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BALTIMORE - Like tax bills and credit card statements, red light and speed camera tickets are just one of those terrible things that eventually show up in your mailbox.
An ABC2 News investigation found thousands of those unpleasant surprises going to one address: the Maryland Transit Administration.
They blow through intersections, barely missing other drivers. They drive around cars to make illegal turns and even race through red, two at a time.
We've seen the worst of the worst when it comes to dangerous driving behavior because it's been caught by red light and speed cameras placed throughout the state.
As part of an ABC2 News investigation we looked at tickets racked up by drivers for the Maryland Transit Administration dating back to the start of 2010.
There are thousands of them, featuring speeders, aggressive drivers and red light racers who've been caught on film and slapped with citations.
Those citations show things like buses hauling through red lights, with police officers watching. We also spotted mobility drivers veering around cars, trying to beat the light and drivers who made a stop and then pulled out into traffic against the light. MTA rider Tim Johnson was stunned when we showed him the violations, "I get speechless when I see things like that on the street."
We also looked at tickets given to MTA drivers who went over the limit. Speed cameras caught a mobility driver going 82 in a work zone with a 55 mile per hour limit.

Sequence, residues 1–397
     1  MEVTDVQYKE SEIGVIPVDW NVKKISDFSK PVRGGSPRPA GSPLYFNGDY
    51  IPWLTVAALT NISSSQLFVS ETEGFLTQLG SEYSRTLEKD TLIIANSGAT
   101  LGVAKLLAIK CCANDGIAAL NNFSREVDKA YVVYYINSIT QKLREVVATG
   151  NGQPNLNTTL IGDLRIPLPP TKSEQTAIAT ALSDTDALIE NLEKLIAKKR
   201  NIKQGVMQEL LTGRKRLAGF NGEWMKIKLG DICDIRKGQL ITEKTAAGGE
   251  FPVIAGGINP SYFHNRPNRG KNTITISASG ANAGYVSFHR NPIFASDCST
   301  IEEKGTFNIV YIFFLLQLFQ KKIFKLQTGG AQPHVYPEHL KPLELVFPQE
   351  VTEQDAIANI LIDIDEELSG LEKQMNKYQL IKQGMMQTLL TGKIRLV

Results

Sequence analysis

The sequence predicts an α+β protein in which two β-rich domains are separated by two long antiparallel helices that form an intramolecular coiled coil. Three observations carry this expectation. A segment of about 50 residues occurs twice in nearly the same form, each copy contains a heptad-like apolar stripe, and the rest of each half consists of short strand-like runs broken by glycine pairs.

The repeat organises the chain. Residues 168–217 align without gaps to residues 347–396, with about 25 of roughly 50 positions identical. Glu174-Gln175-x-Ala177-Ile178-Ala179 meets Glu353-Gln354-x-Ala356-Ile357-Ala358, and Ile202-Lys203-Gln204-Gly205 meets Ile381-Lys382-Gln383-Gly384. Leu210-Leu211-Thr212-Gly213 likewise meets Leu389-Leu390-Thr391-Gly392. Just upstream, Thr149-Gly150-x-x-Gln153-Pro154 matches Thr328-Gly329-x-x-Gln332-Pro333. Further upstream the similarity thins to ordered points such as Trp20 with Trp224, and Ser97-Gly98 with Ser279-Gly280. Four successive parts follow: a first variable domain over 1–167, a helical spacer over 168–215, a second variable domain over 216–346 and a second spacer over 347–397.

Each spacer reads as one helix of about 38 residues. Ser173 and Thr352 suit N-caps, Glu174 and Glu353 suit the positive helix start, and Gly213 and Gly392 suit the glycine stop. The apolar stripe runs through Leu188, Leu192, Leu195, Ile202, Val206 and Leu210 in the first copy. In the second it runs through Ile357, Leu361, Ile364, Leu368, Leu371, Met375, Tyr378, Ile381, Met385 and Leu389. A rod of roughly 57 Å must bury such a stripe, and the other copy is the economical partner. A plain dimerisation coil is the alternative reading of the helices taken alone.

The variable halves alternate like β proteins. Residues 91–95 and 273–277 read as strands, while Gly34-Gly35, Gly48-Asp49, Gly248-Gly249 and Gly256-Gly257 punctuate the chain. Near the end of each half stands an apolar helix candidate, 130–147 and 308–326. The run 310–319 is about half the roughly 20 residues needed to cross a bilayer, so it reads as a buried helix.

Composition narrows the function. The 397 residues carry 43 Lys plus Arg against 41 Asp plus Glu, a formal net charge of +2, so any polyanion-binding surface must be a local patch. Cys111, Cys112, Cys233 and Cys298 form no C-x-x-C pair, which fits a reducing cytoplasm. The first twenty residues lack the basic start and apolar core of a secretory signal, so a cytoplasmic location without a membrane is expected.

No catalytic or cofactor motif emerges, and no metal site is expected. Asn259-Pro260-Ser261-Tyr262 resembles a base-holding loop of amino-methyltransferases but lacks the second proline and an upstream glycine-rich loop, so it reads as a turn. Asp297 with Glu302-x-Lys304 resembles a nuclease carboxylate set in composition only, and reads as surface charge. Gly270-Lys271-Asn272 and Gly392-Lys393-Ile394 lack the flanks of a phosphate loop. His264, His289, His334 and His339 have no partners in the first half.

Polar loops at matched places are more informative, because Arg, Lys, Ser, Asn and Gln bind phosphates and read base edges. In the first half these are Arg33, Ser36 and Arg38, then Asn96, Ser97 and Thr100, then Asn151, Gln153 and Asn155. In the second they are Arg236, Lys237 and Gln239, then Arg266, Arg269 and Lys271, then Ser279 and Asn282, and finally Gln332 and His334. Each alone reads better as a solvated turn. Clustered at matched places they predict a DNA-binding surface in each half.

We also saw a ticket given to a driver going more than 20 miles over in a school zone. And within the hundreds of tickets, we discovered even the Administrator of the MTA, Ralign Wells, has been busted.
Terry Owens, the Chief Public Information Officer with the MTA, says moving violations won't be tolerated, no matter who gets the ticket.
He explains, "Safety is the highest priority for this agency, because as you said, we're dealing with peoples' lives here."
Owens says MTA driver or MTA-contracted driver that's hit with a speed or red light camera ticket has to pony up and pay the fine themselves. It's the price for breaking the law, he says, "We demand our operators obey the laws and where they violate the law, we hold those folks accountable."
Our investigation discovered those operators have paid big bucks. We found MTA drivers have racked up at least 2,851 tickets and $114,000 in fines since the start of 2010.
Owens is quick to dismiss the volume of tickets, saying, "When you look at the number of vehicles on the road and how long they're out there and the number of miles they log, when you give it some context, those numbers don't appear quite as daunting."
According to the MTA, they put about 900 vehicles on the road during peak hours, with their buses logging more than 20-million miles a year.
The agency says the majority of those miles are traveled safely, without a problem or a ticket. When tickets are issued to the MTA, they're handed down to divisional managers who have to figure out which driver was behind the wheel when the citation was issued.
Drivers then have to provide the manager proof the citation was paid. If they don't, Owens says they face suspension, although he wasn't sure if any drivers had received that consequence for failure to pay.
But keep in mind, when that flash goes off, it's more than just a picture.
Riders say it's a snapshot of the kind of dangerous driving they feel puts them at risk, whether you're on the road or riding the bus.
And not every mistake made behind the wheel gets its own flash of fame. One rider reminded us, "There are a lot more that haven't been caught."
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